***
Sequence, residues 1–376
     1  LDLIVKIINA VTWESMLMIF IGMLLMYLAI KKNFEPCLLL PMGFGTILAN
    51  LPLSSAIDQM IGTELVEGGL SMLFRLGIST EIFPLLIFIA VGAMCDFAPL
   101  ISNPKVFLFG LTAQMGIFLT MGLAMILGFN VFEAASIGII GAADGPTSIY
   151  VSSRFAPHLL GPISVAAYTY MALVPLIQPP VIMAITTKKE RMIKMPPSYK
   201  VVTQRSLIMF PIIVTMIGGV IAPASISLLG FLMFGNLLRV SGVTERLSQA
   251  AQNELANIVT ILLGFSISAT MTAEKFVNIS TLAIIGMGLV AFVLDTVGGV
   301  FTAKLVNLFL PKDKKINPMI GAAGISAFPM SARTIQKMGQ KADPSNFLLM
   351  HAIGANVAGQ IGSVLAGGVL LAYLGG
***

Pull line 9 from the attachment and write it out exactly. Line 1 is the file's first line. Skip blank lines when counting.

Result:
   351  HAIGANVAGQ IGSVLAGGVL LAYLGG